Cloning and Sequencing
In order to identify alternatively spliced forms, as well as differentially expressed alleles, RT-PCR fragments were cloned and sequenced. For this, PCR fragments were purified using the QIAquick PCR Purification Kit (QIAGEN, Valencia, CA, USA). Each purified fragment was cloned into pGEM-T Easy Vector (Promega, Madison, WI, USA) following the manufacturer’s protocol. Briefly, each reaction contained 3 μl of purified PCR product, 5 μl of Rapid Ligation Buffer, T4 DNA Ligase, 1 μl of pGEM-T Easy Vector (50 ng) and 1 μl T4 DNA Ligase (3 Weiss units/μl). Ligation reactions were incubated overnight at 4°C. Two micro-liter of each ligation reactions were used for heat-shock transformation of 50 μl of JM109 High-Efficiency Competent Cells (Promega, Madison, WI, USA), following manufacturer’s instructions. Transformed cells were plated on LB/ampicillin/IPTG/X-gal media and incubated overnight at 37°C. Random colonies were selected to use in plasmid extraction using QIAprep Miniprep Kit (QIAGEN, Valencia, CA, USA). Positive plasmids were confirmed by PCR reactions, digestions using restriction enzymes PstI and Nco1 (Promega, Madison, WI, USA) and Sanger sequencing. In order to identify alternative splicing events and single-nucleotide polymorphisms, results were compared to sugarcane genomic sequences, and sugarcane transcripts from Sugarcane Assembled Sequences (SAS) from SUCEST (http://sucest-fun.org/) using Clustal Omega (https://www.ebi.ac.uk/Tools/msa/clustalo/). In silico translation was carried out using ExPaSy translation tool (http://web.expasy.org/translate/).
Identification of Alternatively Spliced Forms of Sugarcane Circadian Clock Genes
In Arabidopsis, alternative splicing (AS) events of the circadian clock genes are well known (James et al., 2012b). In order to investigate AS of sugarcane circadian clock genes, it is important to first determine and annotate their genomic sequences/structures. We first described the gene structure of previously identified homologs ScLHY, ScPRR73, ScPRR95 and ScTOC1 (Hotta et al., 2013). These homologs were identified by Hotta et al. (2013) using BLAST searches of Arabidopsis and rice circadian clock coding DNA sequence (CDS), on the sugarcane Expressed Sequence Tags (ESTs) collection database at SUCEST (http://sucest-fun.org/). This study identified only CDS sequences of sugarcane circadian clock genes but not their genomic sequences due to the relatively few genomic sequences publicly available at that time for the sugarcane cultivar of interest, plus a high percentage of incomplete genomic sequences (Vicentini et al., 2012; de Setta et al., 2014). Here we used the SUCEST sequences (Hotta et al., 2013) to search for their genomic sequences in an unpublished sugarcane genomic database (Souza et al., 2019) We identified genomic contigs for ScLHY (previously identified as ScCCA1), ScTOC1, ScPRR73 (previously identified as ScPRR3) and ScPRR95 (previously identified as ScPRR59) (Table S2). A new homolog, ScPRR37, was identified here for the first time in sugarcane (Table S2, Figure 1). The sugarcane genes were annotated by comparison with genomic sequences of circadian clock homologs from barley and sorghum (Calixto et al., 2015). The exon/intron structures are shown in Figure 1; introns contained the canonical GT–AG dinucleotides at the exon-intron boundaries. The putative CDS of each gene analyzed was translated in silico in order to confirm intact open reading frames (ORFs).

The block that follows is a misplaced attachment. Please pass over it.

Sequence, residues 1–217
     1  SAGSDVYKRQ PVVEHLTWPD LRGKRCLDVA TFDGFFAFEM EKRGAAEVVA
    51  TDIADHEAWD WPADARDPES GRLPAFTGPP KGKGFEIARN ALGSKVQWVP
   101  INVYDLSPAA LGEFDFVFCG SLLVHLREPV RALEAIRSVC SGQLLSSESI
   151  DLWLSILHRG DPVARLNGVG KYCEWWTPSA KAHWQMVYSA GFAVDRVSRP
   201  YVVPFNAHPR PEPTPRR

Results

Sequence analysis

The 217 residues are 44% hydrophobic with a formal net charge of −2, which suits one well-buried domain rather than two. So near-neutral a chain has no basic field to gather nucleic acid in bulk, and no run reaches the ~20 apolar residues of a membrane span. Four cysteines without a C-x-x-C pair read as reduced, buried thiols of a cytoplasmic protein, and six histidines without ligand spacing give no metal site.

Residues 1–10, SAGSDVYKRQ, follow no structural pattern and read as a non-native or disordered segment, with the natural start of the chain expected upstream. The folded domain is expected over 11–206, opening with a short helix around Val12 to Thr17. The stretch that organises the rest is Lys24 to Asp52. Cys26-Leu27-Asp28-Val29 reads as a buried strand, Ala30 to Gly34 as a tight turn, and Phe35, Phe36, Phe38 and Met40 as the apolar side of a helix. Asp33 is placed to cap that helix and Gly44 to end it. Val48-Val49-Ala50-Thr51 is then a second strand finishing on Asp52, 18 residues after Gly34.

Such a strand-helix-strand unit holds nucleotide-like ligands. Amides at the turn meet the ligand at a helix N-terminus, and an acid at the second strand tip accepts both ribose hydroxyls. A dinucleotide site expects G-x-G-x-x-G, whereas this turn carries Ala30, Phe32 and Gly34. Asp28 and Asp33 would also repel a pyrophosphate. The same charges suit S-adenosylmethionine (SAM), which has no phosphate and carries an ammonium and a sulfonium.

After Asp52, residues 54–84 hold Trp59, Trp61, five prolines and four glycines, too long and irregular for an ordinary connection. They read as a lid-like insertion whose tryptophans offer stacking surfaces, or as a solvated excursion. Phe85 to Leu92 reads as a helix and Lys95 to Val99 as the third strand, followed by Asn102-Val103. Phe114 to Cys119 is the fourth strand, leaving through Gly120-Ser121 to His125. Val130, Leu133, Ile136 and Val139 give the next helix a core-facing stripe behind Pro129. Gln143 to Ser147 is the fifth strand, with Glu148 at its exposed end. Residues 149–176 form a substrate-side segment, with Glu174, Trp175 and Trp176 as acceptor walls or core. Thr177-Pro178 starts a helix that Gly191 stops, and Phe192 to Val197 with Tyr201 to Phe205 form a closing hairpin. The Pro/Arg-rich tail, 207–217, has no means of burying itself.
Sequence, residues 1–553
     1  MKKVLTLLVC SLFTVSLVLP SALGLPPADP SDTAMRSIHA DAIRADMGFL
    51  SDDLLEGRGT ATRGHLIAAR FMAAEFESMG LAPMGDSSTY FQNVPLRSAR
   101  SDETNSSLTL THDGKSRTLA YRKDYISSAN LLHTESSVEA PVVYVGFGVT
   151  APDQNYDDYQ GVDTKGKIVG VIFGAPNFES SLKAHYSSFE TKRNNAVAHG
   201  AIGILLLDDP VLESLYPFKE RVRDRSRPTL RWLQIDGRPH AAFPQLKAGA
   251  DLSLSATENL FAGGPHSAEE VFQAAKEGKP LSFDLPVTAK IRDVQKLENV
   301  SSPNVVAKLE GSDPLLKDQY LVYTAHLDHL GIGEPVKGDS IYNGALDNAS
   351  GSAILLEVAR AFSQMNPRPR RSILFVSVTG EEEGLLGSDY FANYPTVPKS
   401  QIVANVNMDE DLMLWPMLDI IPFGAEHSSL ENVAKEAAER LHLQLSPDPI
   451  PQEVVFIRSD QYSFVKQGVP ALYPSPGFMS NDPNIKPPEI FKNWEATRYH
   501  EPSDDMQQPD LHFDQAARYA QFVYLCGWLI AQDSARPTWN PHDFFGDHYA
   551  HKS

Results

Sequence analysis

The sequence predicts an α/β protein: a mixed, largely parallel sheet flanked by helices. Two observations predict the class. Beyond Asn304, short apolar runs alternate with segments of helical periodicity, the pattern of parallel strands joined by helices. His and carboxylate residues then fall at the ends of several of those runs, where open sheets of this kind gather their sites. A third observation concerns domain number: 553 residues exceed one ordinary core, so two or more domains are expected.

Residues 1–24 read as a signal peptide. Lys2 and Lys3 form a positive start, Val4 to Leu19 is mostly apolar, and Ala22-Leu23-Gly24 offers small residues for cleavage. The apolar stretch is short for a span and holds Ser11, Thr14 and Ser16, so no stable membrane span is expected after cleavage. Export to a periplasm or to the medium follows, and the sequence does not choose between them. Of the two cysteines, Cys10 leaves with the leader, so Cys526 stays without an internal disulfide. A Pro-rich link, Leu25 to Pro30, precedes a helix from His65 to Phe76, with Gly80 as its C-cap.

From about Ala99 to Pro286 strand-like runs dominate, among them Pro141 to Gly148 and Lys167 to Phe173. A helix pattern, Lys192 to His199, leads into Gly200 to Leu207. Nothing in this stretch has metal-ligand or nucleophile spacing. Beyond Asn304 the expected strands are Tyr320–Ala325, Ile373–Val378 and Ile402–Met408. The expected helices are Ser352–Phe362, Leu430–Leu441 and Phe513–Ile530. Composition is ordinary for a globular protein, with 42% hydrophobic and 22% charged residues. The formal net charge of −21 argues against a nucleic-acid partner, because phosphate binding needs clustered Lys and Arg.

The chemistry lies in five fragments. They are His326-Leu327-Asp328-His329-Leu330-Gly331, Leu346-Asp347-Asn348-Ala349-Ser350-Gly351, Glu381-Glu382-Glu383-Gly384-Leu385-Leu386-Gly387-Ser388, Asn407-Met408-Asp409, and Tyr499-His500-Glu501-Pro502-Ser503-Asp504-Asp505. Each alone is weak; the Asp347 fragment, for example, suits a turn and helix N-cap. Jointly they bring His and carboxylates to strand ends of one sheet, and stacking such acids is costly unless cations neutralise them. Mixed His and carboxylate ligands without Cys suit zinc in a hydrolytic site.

To identify AS transcripts, RT-PCR was performed on cDNA synthesized from L1 RNA, collected at three different time points, which corresponded to the highest gene expression for each clock gene, based on the findings from Hotta et al. (2013). RT-PCR used pairs of primers to generate overlapping amplicons to cover the full length of the transcripts for each sugarcane circadian clock genes, ScLHY, ScPRR37, ScPRR73, ScPRR95, and ScTOC1. RT-PCR products were cloned and sequenced, which confirmed the annotation and identified AS events. Confirmation of different transcript isoforms was carried out by using two different approaches combined: RT-PCR product size and fragment cloning followed by sequencing.
We found evidence of AS events in all five genes analyzed (Table 1). Intron retention (IR) was the most frequent AS event identified, resulting in the inclusion of premature termination codons (PTC) in all cases (Figure 1). All five genes had at least two IR events, and ScTOC1 had retention of the first intron (I1R) combined with the skipping of exons 2 and 3 (E23S). ScLHY had retention of introns 1 (I1R) and 5 (I5R). ScPRR37 had retention of introns 3 (I3R), 6 (I6R) and 7 (I7R). ScPRR73 had retention of introns 2 (I2R) and 6 (I6R). ScPRR95 had two introns retained: intron 3 (I3R) and intron 7 (I7R) (Figure 1). All the other introns in the genes were efficiently spliced. Exon skipping (ES) was detected in ScPRR37 (E3S) and ScTOC1, the latter having two exons skipped at once (E23S), combined with I1R (Figure 1). Alternative 3′ splice sites (Alt 3′ ss) were found in both ScPRR37 and ScPRR95 in exon 4 (E4) and exon 5 (E5), respectively (Figure 1). In ScPRR73, we found an AS event between exons 4 and 5 involving an alternative 5′ splice site (Alt 5′ss) in exon 4 (E4) being spliced to an Alt3′ss in exon 5. This AS event removes 104 nt and 142 nt from exons 4 and 5, respectively (total of 246 nt), but remains in frame and potentially produces a protein missing 82 amino acids compared to the wild-type protein.